A thoracic spine fracture with Parkinson’s disease and diffuse ankylosis

Y Aoki et al. investigate the challenging management of spinal fractures in patients with Parkinson’s and diffuse ankylosis

Patients with Parkinson’s disease have a higher risk of complications following spine surgery. We recently treated a thoracic spine fracture case in a patient with Parkinson’s, complicating a severely AS. There is no report describing surgical treatment of spine fractures in this nature, thus, we report this and discuss the successful result.

Case presentations
A 68-year-old man with Parkinson’s had a pathologic thoracic spine fracture at T11. Four days after onset, he was referred to a local hospital because of increasing back pain, but no spinal fracture was pointed out. Because he developed lower extremity bilateral numbness and weakness, he was transported to our hospital, eight days after onset. He exhibited severe back pain and paralysis of the lower extremities due to spinal cord involvement. Emergency surgery was performed. Decompression of T10-11 was performed followed by instrumented spinal fusion from T8 to L2. A dramatic neurological improvement was observed following surgery, and complete bony fusion was achieved. At the final two-year postoperative follow-up, the patient had no pathological symptoms related to spinal fracture and no instrument failure was observed.

This patient had Parkinson’s disease and a severely AS, both of which may lead to unsatisfactory surgical results from spinal surgery. Generally, patients with Parkinson’s disease have an increased risk for adjacent segment disease and instrument failure. In this patient, fusion surgery did not change the number of fused segments because operated segments were already ankylosed. Because no stress force exists between adjacent vertebral bodies, a severely AS may help prevent screw pull-out. Thus, treatment of a spinal fracture in an ankylosed spinal segment is a less adverse condition for patients with Parkinson’s disease. Our experience led us to think that a combination of Parkinson’s disease with a severely AS does not necessarily suggest unsatisfactory outcomes after surgical treatment of spinal fractures.

Spinal injury in Parkinson’s disease, which is known for its effects on sensorimotor coordination caused by degeneration of the nigrostriatal dopamine pathway, has been reported by many authors1,2. Because neuromuscular disorders produce muscular rigidity, shuffling gait, and stooped posture, patients with this disease are at greater risk of falling. Because patients with Parkinson’s disease also usually have poor bone quality1, falls produce an increased risk of spinal fracture. When a spinal fracture occurs in Parkinson’s patients, surgical treatment is challenging because of the very high complication rate, particularly related to instrumentation1-3.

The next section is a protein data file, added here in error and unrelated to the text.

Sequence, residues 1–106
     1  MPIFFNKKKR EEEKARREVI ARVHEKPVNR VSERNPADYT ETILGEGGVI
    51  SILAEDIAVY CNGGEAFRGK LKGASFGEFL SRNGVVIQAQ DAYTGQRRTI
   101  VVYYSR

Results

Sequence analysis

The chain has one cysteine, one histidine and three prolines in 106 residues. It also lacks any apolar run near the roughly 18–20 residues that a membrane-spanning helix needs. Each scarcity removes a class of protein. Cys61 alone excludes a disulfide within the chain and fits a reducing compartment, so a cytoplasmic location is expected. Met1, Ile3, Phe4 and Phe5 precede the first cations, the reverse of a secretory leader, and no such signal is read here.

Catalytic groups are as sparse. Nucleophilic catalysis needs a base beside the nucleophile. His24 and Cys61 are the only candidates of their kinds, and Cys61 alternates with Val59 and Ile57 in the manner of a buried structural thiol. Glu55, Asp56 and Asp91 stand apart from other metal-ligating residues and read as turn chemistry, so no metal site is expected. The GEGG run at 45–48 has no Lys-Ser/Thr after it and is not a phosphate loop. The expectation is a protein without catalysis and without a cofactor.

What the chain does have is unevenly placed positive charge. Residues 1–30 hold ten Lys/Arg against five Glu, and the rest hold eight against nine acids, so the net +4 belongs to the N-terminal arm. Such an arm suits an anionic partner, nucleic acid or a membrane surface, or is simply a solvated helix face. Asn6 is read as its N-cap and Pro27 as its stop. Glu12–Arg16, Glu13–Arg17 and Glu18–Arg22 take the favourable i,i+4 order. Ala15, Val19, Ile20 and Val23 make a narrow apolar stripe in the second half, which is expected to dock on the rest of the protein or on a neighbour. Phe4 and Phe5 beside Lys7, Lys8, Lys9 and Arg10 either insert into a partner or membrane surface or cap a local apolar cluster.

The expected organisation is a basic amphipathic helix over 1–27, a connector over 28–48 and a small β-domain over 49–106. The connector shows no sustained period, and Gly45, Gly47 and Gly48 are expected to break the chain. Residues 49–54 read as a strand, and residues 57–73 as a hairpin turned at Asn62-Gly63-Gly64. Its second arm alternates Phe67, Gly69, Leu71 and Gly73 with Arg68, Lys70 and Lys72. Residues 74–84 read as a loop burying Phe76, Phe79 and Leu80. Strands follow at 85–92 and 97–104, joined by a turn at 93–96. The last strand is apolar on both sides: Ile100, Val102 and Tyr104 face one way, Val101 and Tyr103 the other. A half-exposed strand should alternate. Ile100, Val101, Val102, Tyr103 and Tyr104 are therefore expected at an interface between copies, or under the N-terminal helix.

An AS is also known to be a pathological condition prone to spinal fracture after even trivial trauma4-9. It has been reported that patients with ankylosing spondylitis have four times the risk for fractures during their lifetime, compared to unaffected individuals10. Patients with diffuse idiopathic skeletal hyperostosis are also at increased risk for spinal fractures, the fracture mechanism being comparable to that of ankylosing spondylitis8. Fractures of the AS tend to be unstable because of stress concentration at the fracture site; therefore, surgical treatment is usually required. Unfortunately, a delay in diagnosis often occurs. Westerveld et al. reported that 17.1% of fractures occurring in patients with an AS were not diagnosed within 24 hours following trauma8. Because the fracture is unstable, spinal cord injury frequently occurs, and a delay in diagnosis of the fracture increases the risk of spinal cord injury.
We recently treated a case of thoracic spine fracture in a patient with Parkinson’s disease complicating a severely AS, thus we report the case and discuss the reasons for a successful result. Despite a delayed diagnosis and high-risk conditions for surgery, this patient was successfully treated by surgical intervention and obtained full neurological recovery and complete bony fusion.

Case presentation
A 68-year-old man with Parkinson’s disease and impaired ambulation reported back pain without any traumatic episode. At presentation, he had a ten-year history of Parkinson’s disease. With treatment with 300 mg/day levodopa, his Parkinson’s disease was stage three (Hoehn and Yahr), and he could walk without any support, but deteriorated to stage four when his medication wore off. Four days after onset, he was referred to a local hospital because of gradually increasing back pain. A radiological examination showed ankylosis of the spine, but no spinal fracture was pointed out at that time. Seven days after onset, he developed lower extremity bilateral numbness and mild weakness. The next day, he was again referred to the hospital, and diagnosed with a thoracic spine fracture. He was then transported to our hospital by ambulance. He reported severe back pain on admission. Physical examination revealed complete motor paralysis and partial sensory loss of the lower extremities (ASIA impairment scale B; ASIA motor score: 50/100). Sensation to light touch and pin prick was intact from C2 to T12, but caudal to T12, sensation to light touch was impaired and sensation to pin prick was absent (ASIA light touch score: 94/112, pin prick score: 76/112). Hyperreflexia was observed in both patellar tendon reflex (PTR) and Achilles tendon reflex (ATR). Computed tomography (CT) showed spinal fracture at the eleventh thoracic (T11) vertebra and the complete ankylosis of the thoracolumbar spine around the fractured site, including the intervertebral discs and spinous processes. CT and magnetic resonance imaging revealed the existence of ossification of the ligamentum flavum and spinal cord compression at the T10-T11 level.